The research was designed and executed under the United States Agency for International Development’s (USAID’s) Integrated Land and Resource Governance (ILRG) activity. Data collection was carried out from May through July 2021.
Secure and transferable property rights for land and housing are a key driver of economic development, environmental sustainability, and social stability, and are an important focus of public policy. To better protect property rights and develop effective policies and programs in this area (e.g., the USAID Land for Prosperity Activity [LFP] in Colombia), policymakers and practitioners require a clear picture of the current level of tenure security across countries, sub-national jurisdictions, and groups of people, and they need to be able to track changes across time. An increasingly popular measure of tenure security is individuals’ perceptions of tenure security (PTS) – a subjective assessment of the risk of losing property rights. The main benefit of PTS over other measures of tenure security, such as possession of formal/government-issued documents confirming property rights, is related to its comparability across tenure forms (including informal) and legal systems. However, as has been noted in survey design literature and program implementation practice, differences in how to measure PTS may lead to inconsistencies in assessment and thus in programmatic and policy recommendations.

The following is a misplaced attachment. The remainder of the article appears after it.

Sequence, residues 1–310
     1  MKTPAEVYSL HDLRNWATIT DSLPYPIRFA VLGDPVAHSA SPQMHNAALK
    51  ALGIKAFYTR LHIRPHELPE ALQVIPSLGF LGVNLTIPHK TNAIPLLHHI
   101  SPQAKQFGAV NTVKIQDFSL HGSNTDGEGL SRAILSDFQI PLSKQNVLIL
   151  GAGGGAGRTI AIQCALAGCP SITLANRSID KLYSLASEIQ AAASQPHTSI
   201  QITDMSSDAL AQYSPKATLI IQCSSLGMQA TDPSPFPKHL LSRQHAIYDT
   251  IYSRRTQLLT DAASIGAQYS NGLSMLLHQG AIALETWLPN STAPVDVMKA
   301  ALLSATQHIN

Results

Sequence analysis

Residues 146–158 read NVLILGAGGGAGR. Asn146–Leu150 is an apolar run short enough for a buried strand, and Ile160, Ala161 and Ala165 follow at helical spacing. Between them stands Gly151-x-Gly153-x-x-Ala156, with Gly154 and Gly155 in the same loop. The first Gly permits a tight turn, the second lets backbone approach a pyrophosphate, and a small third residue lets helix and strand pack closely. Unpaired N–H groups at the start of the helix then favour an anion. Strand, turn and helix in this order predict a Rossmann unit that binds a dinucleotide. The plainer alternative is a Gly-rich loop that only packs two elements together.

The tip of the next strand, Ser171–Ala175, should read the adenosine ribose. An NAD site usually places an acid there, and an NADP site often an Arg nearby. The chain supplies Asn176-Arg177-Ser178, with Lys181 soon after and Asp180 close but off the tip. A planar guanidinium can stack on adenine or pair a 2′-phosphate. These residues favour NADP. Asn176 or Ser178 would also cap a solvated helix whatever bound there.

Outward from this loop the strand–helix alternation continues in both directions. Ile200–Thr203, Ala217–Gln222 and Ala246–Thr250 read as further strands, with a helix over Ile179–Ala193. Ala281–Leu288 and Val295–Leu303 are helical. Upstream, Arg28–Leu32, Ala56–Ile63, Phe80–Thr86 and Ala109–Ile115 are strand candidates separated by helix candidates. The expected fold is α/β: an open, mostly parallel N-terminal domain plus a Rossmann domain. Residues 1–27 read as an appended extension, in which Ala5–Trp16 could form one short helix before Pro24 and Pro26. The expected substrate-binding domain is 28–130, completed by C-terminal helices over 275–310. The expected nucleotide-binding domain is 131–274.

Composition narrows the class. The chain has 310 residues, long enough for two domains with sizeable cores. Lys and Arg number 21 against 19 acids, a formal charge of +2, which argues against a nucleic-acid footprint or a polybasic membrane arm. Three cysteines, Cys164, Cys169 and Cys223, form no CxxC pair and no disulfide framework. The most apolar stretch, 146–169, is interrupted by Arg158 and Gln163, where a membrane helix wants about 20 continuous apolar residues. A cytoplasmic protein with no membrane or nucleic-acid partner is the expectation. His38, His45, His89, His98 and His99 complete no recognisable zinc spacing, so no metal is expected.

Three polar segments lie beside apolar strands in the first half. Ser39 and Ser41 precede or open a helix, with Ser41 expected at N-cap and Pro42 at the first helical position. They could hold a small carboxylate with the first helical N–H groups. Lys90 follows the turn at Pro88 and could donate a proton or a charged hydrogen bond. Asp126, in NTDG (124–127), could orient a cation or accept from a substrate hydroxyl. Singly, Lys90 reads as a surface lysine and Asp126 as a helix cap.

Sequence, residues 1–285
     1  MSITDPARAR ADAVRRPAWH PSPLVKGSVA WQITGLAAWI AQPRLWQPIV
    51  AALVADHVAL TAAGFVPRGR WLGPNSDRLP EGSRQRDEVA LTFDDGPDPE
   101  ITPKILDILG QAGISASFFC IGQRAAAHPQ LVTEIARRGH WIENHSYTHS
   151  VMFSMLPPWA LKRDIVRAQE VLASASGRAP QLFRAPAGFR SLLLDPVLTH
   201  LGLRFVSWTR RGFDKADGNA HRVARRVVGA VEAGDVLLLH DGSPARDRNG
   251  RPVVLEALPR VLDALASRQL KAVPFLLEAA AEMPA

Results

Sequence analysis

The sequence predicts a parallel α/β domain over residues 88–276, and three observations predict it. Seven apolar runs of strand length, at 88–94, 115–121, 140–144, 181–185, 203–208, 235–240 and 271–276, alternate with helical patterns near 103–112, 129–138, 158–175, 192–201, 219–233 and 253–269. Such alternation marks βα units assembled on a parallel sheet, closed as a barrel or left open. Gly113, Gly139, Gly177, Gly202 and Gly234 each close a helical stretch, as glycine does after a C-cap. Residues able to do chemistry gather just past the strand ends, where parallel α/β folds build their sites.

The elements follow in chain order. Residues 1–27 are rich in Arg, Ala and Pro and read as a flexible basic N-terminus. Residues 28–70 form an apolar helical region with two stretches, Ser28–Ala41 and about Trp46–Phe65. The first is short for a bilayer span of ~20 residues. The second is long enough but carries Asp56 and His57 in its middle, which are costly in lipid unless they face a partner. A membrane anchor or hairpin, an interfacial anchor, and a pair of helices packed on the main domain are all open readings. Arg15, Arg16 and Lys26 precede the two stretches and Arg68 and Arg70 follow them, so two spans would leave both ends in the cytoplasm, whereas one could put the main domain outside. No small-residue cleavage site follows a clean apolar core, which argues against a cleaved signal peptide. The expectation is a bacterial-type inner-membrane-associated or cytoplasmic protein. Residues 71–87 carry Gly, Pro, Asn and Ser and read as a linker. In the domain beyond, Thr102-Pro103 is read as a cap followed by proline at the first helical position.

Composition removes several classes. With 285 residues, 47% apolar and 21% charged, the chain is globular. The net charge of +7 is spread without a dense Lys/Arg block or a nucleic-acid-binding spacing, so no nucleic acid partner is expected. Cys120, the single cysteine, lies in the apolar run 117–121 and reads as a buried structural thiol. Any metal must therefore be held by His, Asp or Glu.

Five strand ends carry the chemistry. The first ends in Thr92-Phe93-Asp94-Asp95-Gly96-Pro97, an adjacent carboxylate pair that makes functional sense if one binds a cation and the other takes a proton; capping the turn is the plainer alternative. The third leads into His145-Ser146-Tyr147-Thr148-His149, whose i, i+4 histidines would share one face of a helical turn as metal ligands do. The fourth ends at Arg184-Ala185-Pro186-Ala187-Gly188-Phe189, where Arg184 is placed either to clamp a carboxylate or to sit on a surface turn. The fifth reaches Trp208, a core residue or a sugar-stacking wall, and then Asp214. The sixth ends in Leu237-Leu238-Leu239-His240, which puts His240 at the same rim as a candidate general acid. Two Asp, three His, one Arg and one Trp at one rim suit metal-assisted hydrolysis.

This study draws on new data collected in Colombia of individuals’ PTS, based on the Prindex methodology, to learn more about the formulation of measurement scales for this increasingly used metric. It is motivated by the expanding set of studies of tenure security around the world using different measurement scales and a corresponding need to understand the impact of these differences for comparability and reliability of the results used in policy discourse. This study also contributes to learning about tenure security in some of the most conflict-affected areas of Colombia. The data from Colombia was collected using two different measurement scales and allows analysis of the impact of these approaches. It provides corresponding recommendations for this type of research.